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Fashion Talk

Purvi Rohit

Label - Not So Pink

We aim to break the shackles of gender stereotypes & empower women

Not So Pink is a fashionable western workwear brand by Purvi Rohit that delivers contemporary, yet comfortable apparel and accessories made exclusively for the Indian body type, for them to be the most confident, bold, and classy versions of themselves. In an interview with Fibre2Fashion, the designer talks about her brand and its purpose and shares her thoughts on evolving Indian fashion.

Fibre2Fashion: What attracted you towards the fashion industry and motivated you to come up with a label based on workwear?

Purvi Rohit:

Having had an experience in the fashion and textile industry, I have always had a penchant for coming up with creative designs that blend Indian aesthetic sensibilities with western wear.

All around us across the country, I noticed the gap that shopping for professional wear in India is a tedious process of having to curate from brands that are not oriented towards formalwear but having to make the most of that semi-casual shirt, or formal-looking top, or opting for salwar and kurta.

All of this, while also making a mark and representing yourself as a woman who means business! I wanted to fill this gap by coming up with a brand that represents the Indian working woman of today, while also keeping in mind her sensibilities, preferences and choices in formal westernwear that would empower her.


F2F: What does the name ‘Not So Pink’ suggest?


‘Not So Pink’ is not just a formal apparel brand, it is an attitude, a movement! Through Not So Pink we aim to break the shackles of gender stereotypes and empower women through crafting a line of fashion-forward workwear that represents the atypical, confident, classy and sassy power woman of today. At work and otherwise, the first form of communication occurs without actually speaking. It is through the person’s outfit that others form a perception of them. Not So Pink represents the working woman of today who is confident to take on the world, and it reflects in the clothing and accessories.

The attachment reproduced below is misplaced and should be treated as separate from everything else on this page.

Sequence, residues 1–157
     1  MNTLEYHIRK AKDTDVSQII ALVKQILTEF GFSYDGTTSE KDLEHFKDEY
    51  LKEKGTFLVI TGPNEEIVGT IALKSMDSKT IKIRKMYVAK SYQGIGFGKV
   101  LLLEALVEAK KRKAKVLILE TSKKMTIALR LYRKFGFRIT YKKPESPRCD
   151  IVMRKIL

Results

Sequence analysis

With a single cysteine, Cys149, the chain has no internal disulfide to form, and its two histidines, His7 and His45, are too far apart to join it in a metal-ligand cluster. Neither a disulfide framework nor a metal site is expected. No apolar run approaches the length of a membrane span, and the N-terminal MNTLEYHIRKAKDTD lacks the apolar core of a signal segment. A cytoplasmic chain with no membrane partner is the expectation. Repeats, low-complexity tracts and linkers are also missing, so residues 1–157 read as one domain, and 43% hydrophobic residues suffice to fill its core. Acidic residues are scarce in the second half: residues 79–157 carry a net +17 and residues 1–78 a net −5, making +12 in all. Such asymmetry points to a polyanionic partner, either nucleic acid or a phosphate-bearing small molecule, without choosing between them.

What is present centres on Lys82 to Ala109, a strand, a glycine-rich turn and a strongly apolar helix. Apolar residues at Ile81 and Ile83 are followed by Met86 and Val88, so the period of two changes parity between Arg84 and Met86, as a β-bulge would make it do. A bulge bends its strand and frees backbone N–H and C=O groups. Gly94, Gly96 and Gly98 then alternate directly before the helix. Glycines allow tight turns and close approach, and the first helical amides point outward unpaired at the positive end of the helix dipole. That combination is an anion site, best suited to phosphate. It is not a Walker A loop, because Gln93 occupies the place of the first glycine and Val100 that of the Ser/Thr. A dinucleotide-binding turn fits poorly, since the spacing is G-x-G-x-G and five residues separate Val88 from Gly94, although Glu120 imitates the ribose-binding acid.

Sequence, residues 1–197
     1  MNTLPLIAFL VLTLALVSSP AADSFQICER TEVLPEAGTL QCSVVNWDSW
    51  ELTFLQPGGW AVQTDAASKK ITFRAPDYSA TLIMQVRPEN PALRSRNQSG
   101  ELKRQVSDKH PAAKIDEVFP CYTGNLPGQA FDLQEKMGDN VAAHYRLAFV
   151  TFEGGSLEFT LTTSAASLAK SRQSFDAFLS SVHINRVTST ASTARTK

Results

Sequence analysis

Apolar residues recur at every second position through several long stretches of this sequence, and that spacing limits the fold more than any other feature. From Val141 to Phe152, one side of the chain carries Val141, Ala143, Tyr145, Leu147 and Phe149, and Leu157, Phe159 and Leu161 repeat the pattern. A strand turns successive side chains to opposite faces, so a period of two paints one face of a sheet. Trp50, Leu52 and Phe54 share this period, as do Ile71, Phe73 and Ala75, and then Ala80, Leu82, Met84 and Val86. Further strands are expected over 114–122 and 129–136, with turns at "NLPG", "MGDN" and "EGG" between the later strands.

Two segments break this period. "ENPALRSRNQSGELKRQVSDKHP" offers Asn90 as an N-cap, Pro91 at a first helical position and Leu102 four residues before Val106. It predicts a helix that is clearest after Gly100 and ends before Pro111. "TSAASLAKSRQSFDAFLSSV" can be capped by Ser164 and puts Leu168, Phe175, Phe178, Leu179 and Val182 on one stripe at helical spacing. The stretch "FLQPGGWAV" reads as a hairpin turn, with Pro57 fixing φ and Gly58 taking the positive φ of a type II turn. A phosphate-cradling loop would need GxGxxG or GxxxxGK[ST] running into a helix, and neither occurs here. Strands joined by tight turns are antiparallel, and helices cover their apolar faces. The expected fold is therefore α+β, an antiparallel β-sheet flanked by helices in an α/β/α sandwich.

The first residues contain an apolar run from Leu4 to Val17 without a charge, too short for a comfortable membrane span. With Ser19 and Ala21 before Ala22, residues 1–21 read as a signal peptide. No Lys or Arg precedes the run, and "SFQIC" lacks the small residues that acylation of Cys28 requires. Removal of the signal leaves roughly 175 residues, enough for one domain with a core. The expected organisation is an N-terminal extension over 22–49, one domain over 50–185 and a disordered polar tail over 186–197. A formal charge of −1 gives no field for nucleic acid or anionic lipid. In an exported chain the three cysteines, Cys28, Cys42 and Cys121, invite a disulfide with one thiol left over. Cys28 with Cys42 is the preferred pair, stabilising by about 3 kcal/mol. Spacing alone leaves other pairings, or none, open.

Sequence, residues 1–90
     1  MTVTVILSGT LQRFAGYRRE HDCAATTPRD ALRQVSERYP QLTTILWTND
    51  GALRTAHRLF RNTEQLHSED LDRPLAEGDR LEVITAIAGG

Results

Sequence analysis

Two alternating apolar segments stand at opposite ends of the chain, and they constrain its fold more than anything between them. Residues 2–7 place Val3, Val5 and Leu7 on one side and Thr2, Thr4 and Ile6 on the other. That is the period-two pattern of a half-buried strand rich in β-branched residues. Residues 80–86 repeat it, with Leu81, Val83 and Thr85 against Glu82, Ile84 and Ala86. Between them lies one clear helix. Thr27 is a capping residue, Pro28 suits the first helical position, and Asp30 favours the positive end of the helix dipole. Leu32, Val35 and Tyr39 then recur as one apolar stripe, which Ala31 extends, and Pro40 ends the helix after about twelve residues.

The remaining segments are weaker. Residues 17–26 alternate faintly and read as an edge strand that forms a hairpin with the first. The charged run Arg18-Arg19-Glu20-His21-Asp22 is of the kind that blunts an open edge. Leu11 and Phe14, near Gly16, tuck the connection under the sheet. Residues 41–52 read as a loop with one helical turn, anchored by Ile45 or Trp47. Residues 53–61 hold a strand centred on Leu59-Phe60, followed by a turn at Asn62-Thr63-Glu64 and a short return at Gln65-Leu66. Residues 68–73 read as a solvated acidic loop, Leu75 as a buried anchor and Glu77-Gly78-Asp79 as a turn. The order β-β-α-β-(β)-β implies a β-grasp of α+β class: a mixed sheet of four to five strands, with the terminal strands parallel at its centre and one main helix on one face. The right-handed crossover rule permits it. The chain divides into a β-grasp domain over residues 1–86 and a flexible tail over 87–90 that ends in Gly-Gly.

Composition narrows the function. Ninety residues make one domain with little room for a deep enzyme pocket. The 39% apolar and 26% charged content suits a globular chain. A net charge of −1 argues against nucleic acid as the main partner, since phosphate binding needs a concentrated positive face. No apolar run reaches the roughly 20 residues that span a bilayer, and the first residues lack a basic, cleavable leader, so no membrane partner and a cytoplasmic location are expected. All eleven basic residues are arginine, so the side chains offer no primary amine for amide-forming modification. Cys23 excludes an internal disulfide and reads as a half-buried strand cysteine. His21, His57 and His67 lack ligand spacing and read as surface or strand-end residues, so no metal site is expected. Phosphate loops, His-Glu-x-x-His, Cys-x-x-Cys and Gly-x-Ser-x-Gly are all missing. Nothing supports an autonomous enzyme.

Let’s get the facts straight – pink is a lovely colour. What’s unfortunate is the stereotype that is associated with the feminine traits it has come to represent; that of being ‘girly’, not serious towards work, timid, silent and submissive. It could or could not be a woman’s favourite colour. And these might or might not be her traits. Hence, Not So Pink is an initiative against stereotyping and generalisation biases associated with gender.

F2F: How would you define the aesthetics of your collection?


The USP of Not So Pink entails in the fact that the outfits have been crafted to blend westernwear with Indian aesthetic sensibilities. Whether it’s a basic shirt or trendy skirt with a slit; it has been designed in a way that it looks elegant and classy while also looking stylish.

There are westernwear shirts or tops which also include minimal and elegant embellishments that give it a classy and exclusive look.
Even shirts and tops are crafted in traditional fabrics like ikat, mill processed fabrics, flex fabrics, 100 per cent cotton and 100 per cent natural fabrics.